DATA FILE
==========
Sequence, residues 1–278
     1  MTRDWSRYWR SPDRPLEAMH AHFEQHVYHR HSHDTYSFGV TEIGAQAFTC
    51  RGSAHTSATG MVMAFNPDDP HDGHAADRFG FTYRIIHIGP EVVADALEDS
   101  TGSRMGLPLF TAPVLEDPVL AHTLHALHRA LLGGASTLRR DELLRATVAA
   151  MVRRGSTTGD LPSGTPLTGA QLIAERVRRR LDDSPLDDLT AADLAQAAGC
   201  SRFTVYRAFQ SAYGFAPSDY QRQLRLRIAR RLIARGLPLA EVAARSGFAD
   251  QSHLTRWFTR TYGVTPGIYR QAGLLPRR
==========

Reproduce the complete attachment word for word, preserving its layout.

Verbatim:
Sequence, residues 1–278
     1  MTRDWSRYWR SPDRPLEAMH AHFEQHVYHR HSHDTYSFGV TEIGAQAFTC
    51  RGSAHTSATG MVMAFNPDDP HDGHAADRFG FTYRIIHIGP EVVADALEDS
   101  TGSRMGLPLF TAPVLEDPVL AHTLHALHRA LLGGASTLRR DELLRATVAA
   151  MVRRGSTTGD LPSGTPLTGA QLIAERVRRR LDDSPLDDLT AADLAQAAGC
   201  SRFTVYRAFQ SAYGFAPSDY QRQLRLRIAR RLIARGLPLA EVAARSGFAD
   251  QSHLTRWFTR TYGVTPGIYR QAGLLPRR